Journée IXXI sur les lois de puissance
de 09:00 à 17:00
|Salle de séminaire de l’IXXI
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L’objectif de cette journée est de passer en revue un certain nombre de ces travaux empiriques, en testant la robustesse des ajustements par des lois de puissance (une loi log-normale ne serait-elle pas aussi pertinente?) et en explicitant l’intérêt d’un tel ajustement pour la compréhension du système étudié. Nous espérons que les discussions ainsi générées permettront de mettre en débat l’intérêt de ces lois de puissance pour chaque discipline ainsi que l’unité qu’elles prétendent apporter à des études interdisciplinaires.
PROGRAMME (Cliquer sur les noms pour visualiser les présentations)
Christian Le Bas (Université Lumière Lyon 2) – Power law distribution in techno-economic systems
Ramon Ferrer i Cancho (Universitat Politècnica de Catalunya, Barcelona) – Scaling laws of human language: divertimento or real science?
Wine and Cheese
co-organisé avec le Laboratoire d’excellence ASLAN http://aslan.universite-lyon.fr/
A B S T R A C T SChristian Le Bas- Power law distribution in techno-economic systems
Affiliation: GATE Lyon St Etienne (Groupe d’Analyse et de Théorie Économique) – CNRS – University of Lyon CNRS UMR 5824, firstname.lastname@example.org
The “long tail” is the name for a long-known feature of some statistical highly right-skewed distributions. This type of distribution often follows a power law qualitatively quite different from the « normal » or « Gaussian » type distributions. It is a matter of facts that the types of distribution exist for the technology and innovation activities. We focus our study on the different types of distributions of inventor productivity in terms of inventions patented. We utilize the properties and characteristics of power laws to represent the distribution of numbers of patents by inventors. We calculate for five countries the empirical values of the exponent of the power law. Lastly we provide some insights for interpret these type of distribution occurring in techno-economic systems.Ramon Ferrer i Cancho- Scaling laws of human language: divertimento or real science?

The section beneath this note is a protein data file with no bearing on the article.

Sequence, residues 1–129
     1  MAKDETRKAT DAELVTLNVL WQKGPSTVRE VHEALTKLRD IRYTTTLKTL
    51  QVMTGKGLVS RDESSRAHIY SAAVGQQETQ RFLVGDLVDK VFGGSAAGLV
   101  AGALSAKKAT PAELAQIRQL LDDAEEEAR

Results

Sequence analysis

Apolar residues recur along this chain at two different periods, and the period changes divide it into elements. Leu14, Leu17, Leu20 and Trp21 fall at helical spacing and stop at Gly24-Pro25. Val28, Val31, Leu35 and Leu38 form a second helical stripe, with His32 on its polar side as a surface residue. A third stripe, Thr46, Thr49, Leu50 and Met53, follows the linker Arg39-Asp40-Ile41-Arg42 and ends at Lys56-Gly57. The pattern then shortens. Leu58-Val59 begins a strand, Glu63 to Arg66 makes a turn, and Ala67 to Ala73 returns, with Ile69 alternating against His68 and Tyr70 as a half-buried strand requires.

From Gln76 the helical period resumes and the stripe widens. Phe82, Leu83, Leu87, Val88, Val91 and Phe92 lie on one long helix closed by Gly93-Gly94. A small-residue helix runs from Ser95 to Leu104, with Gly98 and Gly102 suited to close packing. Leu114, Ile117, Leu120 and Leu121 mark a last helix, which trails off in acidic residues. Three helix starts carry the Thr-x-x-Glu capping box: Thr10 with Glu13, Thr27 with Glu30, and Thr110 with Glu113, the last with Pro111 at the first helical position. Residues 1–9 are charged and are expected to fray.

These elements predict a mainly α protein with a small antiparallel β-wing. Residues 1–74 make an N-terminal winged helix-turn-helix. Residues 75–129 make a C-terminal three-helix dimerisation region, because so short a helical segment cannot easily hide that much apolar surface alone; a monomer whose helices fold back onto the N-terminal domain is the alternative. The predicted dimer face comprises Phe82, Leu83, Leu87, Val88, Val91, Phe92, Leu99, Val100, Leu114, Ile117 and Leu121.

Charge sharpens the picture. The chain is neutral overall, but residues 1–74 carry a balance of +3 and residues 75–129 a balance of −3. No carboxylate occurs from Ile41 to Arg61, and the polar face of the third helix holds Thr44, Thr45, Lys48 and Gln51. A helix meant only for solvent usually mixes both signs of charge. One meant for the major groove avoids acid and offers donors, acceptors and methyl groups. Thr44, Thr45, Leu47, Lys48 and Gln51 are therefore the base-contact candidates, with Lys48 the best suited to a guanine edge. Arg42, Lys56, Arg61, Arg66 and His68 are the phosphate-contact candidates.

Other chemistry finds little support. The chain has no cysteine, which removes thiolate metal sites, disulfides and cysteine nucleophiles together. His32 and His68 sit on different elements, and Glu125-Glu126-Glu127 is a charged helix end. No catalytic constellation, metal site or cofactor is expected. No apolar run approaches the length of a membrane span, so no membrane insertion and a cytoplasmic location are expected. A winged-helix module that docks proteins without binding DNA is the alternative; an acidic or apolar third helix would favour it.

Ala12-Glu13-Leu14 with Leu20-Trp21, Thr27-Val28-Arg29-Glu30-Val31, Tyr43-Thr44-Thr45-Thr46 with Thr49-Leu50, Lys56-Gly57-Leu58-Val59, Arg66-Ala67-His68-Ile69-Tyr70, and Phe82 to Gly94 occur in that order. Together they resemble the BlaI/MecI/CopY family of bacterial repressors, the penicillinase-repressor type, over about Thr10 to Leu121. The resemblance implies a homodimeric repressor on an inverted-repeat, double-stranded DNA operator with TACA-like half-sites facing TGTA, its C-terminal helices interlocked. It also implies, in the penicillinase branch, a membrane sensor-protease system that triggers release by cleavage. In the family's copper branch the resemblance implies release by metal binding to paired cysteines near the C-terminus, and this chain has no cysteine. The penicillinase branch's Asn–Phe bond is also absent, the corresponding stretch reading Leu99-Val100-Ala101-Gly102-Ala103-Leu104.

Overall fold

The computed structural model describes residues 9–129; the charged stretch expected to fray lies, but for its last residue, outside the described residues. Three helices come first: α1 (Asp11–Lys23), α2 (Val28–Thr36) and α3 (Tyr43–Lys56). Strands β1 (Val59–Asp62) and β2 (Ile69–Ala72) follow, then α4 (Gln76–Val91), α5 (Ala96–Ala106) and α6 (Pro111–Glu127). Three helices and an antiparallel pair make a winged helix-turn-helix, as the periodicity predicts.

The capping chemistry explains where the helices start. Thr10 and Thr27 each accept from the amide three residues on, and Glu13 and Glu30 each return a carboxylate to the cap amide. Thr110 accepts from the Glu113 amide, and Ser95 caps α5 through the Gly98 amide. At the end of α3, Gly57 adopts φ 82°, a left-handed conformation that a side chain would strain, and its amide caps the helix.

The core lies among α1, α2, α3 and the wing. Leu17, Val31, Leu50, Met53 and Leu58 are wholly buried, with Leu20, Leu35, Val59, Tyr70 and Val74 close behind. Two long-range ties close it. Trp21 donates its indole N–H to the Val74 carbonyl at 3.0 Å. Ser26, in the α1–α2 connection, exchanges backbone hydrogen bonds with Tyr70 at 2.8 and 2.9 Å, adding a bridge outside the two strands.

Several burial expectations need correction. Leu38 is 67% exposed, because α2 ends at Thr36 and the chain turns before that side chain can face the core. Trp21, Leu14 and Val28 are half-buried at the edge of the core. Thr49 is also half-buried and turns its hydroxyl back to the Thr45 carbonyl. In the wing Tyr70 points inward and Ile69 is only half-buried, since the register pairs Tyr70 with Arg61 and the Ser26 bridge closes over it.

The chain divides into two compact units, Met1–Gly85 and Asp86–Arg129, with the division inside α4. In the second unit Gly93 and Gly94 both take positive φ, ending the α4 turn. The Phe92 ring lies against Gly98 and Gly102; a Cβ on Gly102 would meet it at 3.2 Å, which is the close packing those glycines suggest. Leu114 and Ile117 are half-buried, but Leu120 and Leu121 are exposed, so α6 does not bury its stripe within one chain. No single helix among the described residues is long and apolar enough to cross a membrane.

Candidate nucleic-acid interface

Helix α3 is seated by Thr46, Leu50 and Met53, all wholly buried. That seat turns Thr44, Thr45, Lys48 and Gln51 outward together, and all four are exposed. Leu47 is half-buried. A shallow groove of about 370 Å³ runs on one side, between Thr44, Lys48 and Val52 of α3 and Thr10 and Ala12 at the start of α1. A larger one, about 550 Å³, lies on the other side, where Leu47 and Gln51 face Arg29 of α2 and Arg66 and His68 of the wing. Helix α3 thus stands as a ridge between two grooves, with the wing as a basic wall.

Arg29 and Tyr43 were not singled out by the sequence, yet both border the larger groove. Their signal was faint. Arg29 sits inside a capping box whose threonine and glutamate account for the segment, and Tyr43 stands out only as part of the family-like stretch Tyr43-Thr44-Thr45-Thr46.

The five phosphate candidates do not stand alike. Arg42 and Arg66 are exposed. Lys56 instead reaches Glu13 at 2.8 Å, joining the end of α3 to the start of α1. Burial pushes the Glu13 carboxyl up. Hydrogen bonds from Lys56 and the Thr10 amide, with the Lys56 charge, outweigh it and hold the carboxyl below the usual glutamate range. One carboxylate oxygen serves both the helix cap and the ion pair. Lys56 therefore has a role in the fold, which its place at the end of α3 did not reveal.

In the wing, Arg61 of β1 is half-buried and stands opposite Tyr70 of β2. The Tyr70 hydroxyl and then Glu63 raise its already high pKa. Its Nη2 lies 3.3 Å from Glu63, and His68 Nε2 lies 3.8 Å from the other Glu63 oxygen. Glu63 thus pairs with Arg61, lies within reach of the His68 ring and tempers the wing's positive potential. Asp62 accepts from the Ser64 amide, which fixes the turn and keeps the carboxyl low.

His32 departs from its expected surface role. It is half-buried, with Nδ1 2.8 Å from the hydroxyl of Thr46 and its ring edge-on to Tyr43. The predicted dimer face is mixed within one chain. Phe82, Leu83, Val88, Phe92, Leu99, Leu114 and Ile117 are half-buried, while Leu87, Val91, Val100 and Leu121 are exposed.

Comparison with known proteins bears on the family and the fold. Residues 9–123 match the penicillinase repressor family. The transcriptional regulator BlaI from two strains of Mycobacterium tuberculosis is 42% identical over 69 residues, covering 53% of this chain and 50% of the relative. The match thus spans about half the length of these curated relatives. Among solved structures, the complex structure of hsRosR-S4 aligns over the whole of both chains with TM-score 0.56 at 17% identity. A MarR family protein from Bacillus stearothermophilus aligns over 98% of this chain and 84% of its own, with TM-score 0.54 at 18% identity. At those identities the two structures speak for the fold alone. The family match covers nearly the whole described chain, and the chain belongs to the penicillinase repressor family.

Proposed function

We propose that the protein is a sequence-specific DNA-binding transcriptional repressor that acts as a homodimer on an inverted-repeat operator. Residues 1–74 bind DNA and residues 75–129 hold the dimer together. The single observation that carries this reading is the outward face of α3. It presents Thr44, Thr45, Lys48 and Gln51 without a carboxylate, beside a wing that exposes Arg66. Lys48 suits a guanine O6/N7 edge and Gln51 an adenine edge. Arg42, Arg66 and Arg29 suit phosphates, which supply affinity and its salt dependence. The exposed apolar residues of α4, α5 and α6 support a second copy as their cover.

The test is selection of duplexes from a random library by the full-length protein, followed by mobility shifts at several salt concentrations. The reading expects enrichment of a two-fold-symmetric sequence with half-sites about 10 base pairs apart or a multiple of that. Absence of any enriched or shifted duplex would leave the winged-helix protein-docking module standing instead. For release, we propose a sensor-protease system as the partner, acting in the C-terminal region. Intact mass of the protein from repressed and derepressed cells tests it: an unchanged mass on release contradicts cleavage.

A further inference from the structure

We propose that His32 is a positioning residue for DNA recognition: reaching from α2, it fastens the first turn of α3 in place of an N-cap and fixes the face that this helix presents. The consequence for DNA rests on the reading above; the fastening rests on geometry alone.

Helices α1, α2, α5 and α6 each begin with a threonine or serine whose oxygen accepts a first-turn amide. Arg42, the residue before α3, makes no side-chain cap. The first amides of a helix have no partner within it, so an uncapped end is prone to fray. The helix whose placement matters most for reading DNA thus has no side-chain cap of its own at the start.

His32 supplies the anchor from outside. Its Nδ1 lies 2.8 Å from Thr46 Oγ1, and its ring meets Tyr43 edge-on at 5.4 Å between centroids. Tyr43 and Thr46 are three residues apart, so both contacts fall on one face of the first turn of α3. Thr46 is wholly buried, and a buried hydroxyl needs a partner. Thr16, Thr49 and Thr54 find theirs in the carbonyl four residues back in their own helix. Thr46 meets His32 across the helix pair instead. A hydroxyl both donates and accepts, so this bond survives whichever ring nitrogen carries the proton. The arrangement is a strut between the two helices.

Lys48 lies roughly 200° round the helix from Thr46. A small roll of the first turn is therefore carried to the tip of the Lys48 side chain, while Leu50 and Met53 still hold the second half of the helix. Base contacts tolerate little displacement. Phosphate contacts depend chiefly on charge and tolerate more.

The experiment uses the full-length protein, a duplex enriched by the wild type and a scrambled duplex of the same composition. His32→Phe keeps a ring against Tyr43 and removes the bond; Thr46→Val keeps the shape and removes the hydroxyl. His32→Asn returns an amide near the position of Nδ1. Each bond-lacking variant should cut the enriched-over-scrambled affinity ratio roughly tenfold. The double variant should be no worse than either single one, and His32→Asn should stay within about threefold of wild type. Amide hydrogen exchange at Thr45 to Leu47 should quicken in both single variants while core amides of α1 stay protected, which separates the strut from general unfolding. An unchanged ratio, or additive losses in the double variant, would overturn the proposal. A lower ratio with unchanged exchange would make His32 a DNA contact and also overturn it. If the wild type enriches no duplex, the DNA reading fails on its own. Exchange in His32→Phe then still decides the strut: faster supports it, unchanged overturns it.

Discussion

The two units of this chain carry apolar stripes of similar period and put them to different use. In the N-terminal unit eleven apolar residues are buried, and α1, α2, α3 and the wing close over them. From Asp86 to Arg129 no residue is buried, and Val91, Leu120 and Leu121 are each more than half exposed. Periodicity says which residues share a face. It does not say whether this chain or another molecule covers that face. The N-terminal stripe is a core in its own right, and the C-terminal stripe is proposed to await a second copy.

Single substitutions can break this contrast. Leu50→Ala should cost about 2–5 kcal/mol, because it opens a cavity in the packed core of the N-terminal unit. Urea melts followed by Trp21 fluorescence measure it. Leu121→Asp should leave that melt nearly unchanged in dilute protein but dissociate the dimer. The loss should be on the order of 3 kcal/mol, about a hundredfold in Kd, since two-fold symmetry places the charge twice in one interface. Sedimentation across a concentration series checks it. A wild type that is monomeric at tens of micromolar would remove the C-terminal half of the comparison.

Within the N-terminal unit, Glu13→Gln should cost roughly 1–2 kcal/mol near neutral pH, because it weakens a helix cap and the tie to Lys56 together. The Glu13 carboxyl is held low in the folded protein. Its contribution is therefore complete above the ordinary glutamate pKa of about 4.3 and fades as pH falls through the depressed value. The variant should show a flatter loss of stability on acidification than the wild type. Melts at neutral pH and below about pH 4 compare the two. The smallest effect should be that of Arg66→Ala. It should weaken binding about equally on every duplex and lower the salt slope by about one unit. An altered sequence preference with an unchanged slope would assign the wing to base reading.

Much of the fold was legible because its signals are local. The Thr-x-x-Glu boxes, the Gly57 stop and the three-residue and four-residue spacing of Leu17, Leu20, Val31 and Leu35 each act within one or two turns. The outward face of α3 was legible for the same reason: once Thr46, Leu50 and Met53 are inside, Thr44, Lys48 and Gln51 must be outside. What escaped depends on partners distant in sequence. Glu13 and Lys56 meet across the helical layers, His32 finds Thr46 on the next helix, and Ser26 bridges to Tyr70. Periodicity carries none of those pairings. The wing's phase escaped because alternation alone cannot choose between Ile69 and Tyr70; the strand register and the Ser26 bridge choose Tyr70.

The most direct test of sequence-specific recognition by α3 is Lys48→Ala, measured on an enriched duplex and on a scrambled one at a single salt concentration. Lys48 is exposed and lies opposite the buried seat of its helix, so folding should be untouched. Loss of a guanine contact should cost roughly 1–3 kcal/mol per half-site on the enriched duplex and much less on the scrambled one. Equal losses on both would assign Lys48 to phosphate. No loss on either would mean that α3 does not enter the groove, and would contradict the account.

Affiliation: Complexity & Quantitative Linguistics Lab, Universitat Politècnica de Catalunya, Barcelona (Catalonia), email@example.com
Decades of research in quantitative linguistics have led to the discovery of many scaling laws of human language: Zipf’s laws for word frequencies, the law of abbreviation, Menzerath-Altmann law, Hilberg’s law, etc. However, these laws are largely unknown or seen by many as inevitable, useless or lacking mechanistic sophistication. In this talk, I will dismantle this negative view and review the abstract optimization principles that have been proposed for some of them. At least three beliefs are seriously challenged: that these laws are anecdotal, that language universals are a myth and that humans and other species are separated by a large gulf at the level of language or cognition. The minimal assumptions required by statistical linguistics research are helping to build bridges between apparently distant disciplines such as linguistics, animal behavior and genetics.Michael Stumpf – Are power laws useful?
Affiliation: Theoretical Systems Biology Group, Imperial College, London, firstname.lastname@example.org